ARC Review: Inside the O’Briens by Lisa Genova

Inside the O'BriensInside the O’Briens by Lisa Genova

My rating: 4 of 5 stars

Lisa Genova is an excellent writer and if I did not read Still Alice, I would not have known how much style she was able to incorporate into each word. Whereas Still Alice was clean-cut, highly intelligent and talks about a smart upper middle-class family, the O’Briens are old-gen Irish working/middle class. They’re not educated and it just cuts deeper when they are hit heavily by Huntington’s Disease. They’re not as aware of the consequences since they learn about it so late so relations do not go smoothly and many are unable to cope with the fear.

The O’Briens hit rough patches occasionally but this new one that hits Joe, the father, is a make-it-or-break-it kind. It’s something that’s irreparable and I loved watching the intricate emotions that bind each of the family members to each other. Joe has two daughters, Katie and Megan and two sons, JJ and Patrick. They all have a 50/50 chance of getting Huntington’s. It’s truly sad to see how knowing or not knowing if they have it can wreck havoc on their minds and affect their careers. In case you didn’t know, Huntington’s messes with coordination, causes involuntary movements, and slowly causes the victim to lose control of the body over the course of a decade or more. This means the person will be eventually be rendered speechless and helpless to do anything.

It took me a while to realize that Katie was the second protagonist and her life was center focus aside from Joe’s. She needed to make decisions that for her, seemed insurmountably hard to choose between. Once the narrators switched, I felt aggravated by Katie and her indecisiveness which is a major trait that has defined her whole life. I understood the reasons and why Katie is the way she is but it’s just difficult for a reader to sympathize with someone so unlikable. However, the writing was top-notch and the story compelling. The message is clear: this disease causes stages of grief and can break a family down unless they stay resilient and support each other. There were so many great things about the book and it ultimately succeeded in making me care without manipulating my feelings.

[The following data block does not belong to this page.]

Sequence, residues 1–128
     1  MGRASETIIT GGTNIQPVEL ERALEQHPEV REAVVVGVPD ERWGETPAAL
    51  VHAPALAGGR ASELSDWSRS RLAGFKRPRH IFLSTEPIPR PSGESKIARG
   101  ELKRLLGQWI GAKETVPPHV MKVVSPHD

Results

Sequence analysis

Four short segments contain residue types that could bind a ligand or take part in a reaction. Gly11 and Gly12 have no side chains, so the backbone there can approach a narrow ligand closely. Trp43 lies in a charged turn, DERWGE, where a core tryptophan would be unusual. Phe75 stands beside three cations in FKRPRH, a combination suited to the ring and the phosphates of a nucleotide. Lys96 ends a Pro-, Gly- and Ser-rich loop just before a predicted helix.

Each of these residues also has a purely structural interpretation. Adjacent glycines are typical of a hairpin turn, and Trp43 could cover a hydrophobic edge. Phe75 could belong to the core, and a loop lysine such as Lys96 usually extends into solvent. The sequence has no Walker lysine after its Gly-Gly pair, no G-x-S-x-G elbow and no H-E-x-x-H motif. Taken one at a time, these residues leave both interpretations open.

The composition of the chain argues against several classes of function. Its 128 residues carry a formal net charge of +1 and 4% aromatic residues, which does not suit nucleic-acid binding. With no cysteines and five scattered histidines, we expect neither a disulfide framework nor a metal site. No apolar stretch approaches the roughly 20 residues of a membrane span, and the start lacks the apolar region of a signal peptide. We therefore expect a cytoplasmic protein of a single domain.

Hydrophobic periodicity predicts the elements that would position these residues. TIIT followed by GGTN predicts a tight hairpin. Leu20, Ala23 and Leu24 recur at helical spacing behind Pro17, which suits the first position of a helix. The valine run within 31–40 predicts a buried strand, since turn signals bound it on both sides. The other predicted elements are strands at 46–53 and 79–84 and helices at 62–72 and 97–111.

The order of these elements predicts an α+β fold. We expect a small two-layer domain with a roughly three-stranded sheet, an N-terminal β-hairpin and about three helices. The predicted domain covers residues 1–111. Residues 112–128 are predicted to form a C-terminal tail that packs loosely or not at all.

Joe is very unique and the style of writing greatly conveys what kind of man he is. He’s caring and deeply loves his wife and children so it’s all the more devastating when he lashes out irrationally (because of the disease) at everyone. It’s a stark portrayal of ‘Life After’ which is can never be the same again. However, I loved that some changes became positive because this family decided to bond and become stronger than they’ve ever been. They took control of their lives and decided to take healthy risks to do what they’ve always wanted to do. Katie stops being an indecisive dumbass and does something good for once. Patrick is still a mess but at least he’s communicating with his family. JJ is finally going to start his family. And Megan is just a strong character that becomes stronger and lives by the motto YOLO.

Of course, I did not miss how detailed and well-informed the author was when she started describing the Boston Red Sox games and also went through Joe’s police officer day regime and routine. She manages to integrate these details and make them essential in the storytelling and normalize it as a part of the O’Brien’s everyday life. I loved that the conflict was different for each character despite the fact that they were linked together. The disease was not overblown and used to manipulate our emotions. Things still happen outside of that spectrum and in short, life goes on whether or not you want it to.

Thank you to the publisher and NetGalley for providing me with an e-ARC of Inside the O’Briens in exchange for an honest review.

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Bitterblue by Kristin Cashore: Review

Bitterblue (Graceling Realm, #3)Bitterblue by Kristin Cashore

My rating: 4 of 5 stars

Bitterblue is the third book in the Graceling Realm and focuses on the eponymous heroine who had to rule a kingdom that was crippled by her sadistic father. I read this book last year and I want to talk more about it because it has made a lasting impact on how I perceived the fantasy genre.

Where to start…this is a book that deals with the heavy ramifications of mind rape and the resulting extended manipulation that continuously traumatizes the victims. Although this is a fantasy book about wild creatures, a kingdom, queen, and politics, it is much more than an fairy tale. The people handle serious issues and suffer from mental instability after the culprit of these disorders is long dead. The people’s state of minds and lives are the inner conflicts of the story. It’s hard to pinpoint exactly what made me click with the characters. I connected with the starkness, pain, mind-boggling mystery, and torture centralized in each character. At the root of the whole book are the unanswered questions that can be uncovered in the people’s minds and past. The answers are steeped in the suffering people themselves, the ones remember and know it all but are trying to forget and frantically bury.